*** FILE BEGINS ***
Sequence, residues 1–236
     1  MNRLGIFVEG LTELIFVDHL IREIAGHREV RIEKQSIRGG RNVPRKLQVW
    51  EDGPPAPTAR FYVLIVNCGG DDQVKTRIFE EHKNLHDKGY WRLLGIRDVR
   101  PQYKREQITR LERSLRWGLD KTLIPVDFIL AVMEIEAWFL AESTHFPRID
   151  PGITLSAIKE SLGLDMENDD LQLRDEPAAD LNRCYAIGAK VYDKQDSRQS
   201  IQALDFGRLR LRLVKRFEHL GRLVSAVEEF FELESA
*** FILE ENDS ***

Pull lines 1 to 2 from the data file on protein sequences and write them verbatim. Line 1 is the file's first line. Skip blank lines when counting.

Sequence, residues 1–236
     1  MNRLGIFVEG LTELIFVDHL IREIAGHREV RIEKQSIRGG RNVPRKLQVW